How the neighborhoods got their names, part deux

How the neighborhoods got their names, part deux

Last week, my "Did You Know, Chicago?" post feature the history of how some of the city's neighborhoods got their names. I received such great feedback and responses from readers wanting more that I thought I'd do another one! Feast your eyes on even more Chicago neighborhood history:

Streeterville
Streeterville has one of my favorite histories because it's just so ballsy. In the 1880s, a man named George Streeter and his wife crashed their boat about 150 yards off the lakefront. Rather than getting his boat out of there, Streeter decided to not only live on the boat but haul in more sand and claim the whole area as his personal property. Streeter started charging construction workers a fee to dump their debris in the area, and it soon became a very undesirable shantytown that was christened 'Streeterville.' The history just keeps getting better. Read more here.

Englewood
Englewood was originally a town called Junction Grove that was annexed into the town of Lake. It became known as Englewood when a wool merchant and several residents lobbied to have it changed. "Englewood" was chosen due to the wool merchant's association with Englewood, New Jersey. It was annexed to Chicago in 1889.

Roger's Park
The city's most northern neighborhood was actually once a regular settling ground for various Native American tribes. Before the area was a part of Chicago, a pioneer named Phillip Rogers regularly traded and worked with the tribes and then purchased the land for development. Patrick Touhy (guess where that name came into play) developed the land, incorporated the village and named it Rogers Park. Chicago annexed it in 1893.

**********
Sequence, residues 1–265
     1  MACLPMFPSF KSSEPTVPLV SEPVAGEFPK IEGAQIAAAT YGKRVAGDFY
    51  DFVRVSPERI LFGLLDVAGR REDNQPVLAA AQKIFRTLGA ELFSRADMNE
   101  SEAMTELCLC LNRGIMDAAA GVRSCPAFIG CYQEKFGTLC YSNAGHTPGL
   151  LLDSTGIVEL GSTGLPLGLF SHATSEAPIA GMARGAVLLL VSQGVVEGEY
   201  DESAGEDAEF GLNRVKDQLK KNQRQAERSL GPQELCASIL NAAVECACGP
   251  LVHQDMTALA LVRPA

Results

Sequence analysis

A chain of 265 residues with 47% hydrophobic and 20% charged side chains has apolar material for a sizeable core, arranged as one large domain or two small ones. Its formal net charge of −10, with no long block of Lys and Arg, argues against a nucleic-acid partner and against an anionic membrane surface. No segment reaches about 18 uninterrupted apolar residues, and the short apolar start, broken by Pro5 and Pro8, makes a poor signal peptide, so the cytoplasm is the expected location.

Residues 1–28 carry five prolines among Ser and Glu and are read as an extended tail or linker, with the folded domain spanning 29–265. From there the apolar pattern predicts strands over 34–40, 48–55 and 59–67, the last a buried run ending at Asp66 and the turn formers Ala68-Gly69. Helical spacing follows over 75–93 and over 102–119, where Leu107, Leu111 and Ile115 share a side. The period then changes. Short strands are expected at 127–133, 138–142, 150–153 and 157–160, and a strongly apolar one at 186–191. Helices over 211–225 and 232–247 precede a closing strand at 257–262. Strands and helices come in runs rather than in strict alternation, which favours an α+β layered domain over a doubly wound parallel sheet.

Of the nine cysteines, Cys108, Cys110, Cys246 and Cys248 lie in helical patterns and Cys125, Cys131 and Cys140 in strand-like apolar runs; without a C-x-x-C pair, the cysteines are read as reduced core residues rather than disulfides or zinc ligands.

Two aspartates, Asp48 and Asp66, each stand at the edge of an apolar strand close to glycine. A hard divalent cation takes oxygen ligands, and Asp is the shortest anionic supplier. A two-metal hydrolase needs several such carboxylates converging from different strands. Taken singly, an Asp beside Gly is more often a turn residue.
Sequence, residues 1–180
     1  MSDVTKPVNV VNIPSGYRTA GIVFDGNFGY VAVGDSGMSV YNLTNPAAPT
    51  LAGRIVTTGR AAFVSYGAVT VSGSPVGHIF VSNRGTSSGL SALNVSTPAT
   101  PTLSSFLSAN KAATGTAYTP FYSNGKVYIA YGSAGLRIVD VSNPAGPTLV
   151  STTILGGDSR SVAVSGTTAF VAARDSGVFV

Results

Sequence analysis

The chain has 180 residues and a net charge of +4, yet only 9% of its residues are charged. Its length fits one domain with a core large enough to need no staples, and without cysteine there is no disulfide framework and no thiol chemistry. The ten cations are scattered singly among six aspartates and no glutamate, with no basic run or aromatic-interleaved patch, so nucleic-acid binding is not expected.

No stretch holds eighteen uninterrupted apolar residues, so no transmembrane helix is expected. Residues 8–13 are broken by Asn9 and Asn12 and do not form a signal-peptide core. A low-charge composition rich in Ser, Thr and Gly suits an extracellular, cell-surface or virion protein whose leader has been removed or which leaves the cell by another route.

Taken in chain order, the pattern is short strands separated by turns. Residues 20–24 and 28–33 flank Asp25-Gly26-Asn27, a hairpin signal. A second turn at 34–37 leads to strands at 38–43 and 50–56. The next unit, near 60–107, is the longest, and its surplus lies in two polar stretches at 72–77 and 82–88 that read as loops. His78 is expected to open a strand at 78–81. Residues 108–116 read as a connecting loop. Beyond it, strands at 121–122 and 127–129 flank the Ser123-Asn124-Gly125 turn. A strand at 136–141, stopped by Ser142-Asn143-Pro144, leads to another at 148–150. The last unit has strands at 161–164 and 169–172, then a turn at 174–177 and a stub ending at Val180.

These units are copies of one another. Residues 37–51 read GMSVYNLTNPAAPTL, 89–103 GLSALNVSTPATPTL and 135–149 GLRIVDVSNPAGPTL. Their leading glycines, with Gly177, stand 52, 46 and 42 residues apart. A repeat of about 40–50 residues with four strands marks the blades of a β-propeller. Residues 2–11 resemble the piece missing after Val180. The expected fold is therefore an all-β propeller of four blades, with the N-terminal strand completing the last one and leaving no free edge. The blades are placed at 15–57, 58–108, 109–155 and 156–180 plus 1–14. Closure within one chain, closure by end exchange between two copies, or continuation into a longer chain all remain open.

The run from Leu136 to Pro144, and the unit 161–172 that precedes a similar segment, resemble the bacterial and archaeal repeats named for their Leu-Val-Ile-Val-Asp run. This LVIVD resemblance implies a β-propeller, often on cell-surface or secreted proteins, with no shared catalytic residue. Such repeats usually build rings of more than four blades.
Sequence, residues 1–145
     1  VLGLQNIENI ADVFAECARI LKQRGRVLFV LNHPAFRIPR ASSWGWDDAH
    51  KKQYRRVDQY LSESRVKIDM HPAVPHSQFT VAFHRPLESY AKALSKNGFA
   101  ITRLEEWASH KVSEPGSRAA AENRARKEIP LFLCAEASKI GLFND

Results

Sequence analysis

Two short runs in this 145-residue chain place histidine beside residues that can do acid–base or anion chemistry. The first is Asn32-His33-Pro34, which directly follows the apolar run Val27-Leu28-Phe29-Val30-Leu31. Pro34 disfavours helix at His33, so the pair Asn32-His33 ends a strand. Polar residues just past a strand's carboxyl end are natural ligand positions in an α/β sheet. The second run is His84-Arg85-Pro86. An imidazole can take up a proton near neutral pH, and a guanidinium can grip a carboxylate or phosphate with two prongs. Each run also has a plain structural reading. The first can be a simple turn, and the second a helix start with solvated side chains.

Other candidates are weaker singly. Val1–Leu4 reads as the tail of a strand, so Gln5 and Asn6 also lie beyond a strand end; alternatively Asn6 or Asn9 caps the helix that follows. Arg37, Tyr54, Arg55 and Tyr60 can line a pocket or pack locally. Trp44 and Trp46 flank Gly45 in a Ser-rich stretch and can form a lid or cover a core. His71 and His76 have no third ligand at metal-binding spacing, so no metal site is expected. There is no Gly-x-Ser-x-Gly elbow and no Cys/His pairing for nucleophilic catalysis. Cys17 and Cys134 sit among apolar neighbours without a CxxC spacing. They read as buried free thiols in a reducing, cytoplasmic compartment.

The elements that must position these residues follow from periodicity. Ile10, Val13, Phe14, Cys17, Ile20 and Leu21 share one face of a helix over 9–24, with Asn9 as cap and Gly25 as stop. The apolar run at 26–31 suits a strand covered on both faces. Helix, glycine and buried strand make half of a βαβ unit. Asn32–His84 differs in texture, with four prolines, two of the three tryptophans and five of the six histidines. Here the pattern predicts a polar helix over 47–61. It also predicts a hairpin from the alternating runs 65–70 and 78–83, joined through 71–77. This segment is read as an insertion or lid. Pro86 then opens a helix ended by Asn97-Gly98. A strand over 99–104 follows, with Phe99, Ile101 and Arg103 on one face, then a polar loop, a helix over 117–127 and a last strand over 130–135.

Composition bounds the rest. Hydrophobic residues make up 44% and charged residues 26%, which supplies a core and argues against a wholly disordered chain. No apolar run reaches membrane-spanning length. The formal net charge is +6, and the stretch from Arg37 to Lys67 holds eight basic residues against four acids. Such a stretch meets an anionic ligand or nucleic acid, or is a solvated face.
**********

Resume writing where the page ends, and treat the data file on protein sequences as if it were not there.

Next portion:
Back of the Yards
Once part of the town of Lake, Back of the Yards was annexed by the city in 1889. It was called Back of the Yards because of it was so close to the famous Union Stock Yards. The novel "The Jungle" is set in this neighborhood.

Humboldt Park
Not surprisingly, Humboldt Park is named for the actual Humboldt Park. The park was named after Alexander von Humboldt, a German citizen and author who only came to the United States once and didn't even visit Chicago. Figure that one out. Chicago annexed the neighborhood in 1869.

Old Town
During World War II, Chicago's Civil Defense Agency created a neighborhood defense unit in the area between North Avenue, Clark Street and Ogden Avenue and called it North Town. It gave the area a sense of community that lasted well after the war, and the neighborhood began to sponsor annual fairs called the "Old Town Holiday." The name "Old Town" really stuck when the Old Town Triangle Association was formed in 1948.

Portage Park
This one will expand your vocabulary. Did you know that a portage is the carrying of a boat or its cargo between two navigable waters? The area known as Portage Park was once a strip of land the Native Americans used to carry canoes from the Des Plaines River to the Chicago River. The name stuck when it became part of Chicago in 1889.

Uptown
It's kind of funny to think of Uptown as the far north resort destination, but that's exactly what it was back in the early 1900s. I read two explanations for how the neighborhood got its name. The commercial center of the neighborhood was the Uptown Store, and the neighborhood took on the name. I also read that since at one point all northbound trains ended in this neighborhood, you were headed "up town" from downtown.

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